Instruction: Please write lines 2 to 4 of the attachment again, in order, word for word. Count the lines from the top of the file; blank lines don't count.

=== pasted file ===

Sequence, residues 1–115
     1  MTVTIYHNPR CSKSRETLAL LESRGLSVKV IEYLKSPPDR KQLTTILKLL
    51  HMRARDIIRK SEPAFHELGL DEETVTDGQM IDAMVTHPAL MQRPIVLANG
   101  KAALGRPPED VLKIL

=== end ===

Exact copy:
     1  MTVTIYHNPR CSKSRETLAL LESRGLSVKV IEYLKSPPDR KQLTTILKLL
    51  HMRARDIIRK SEPAFHELGL DEETVTDGQM IDAMVTHPAL MQRPIVLANG
   101  KAALGRPPED VLKIL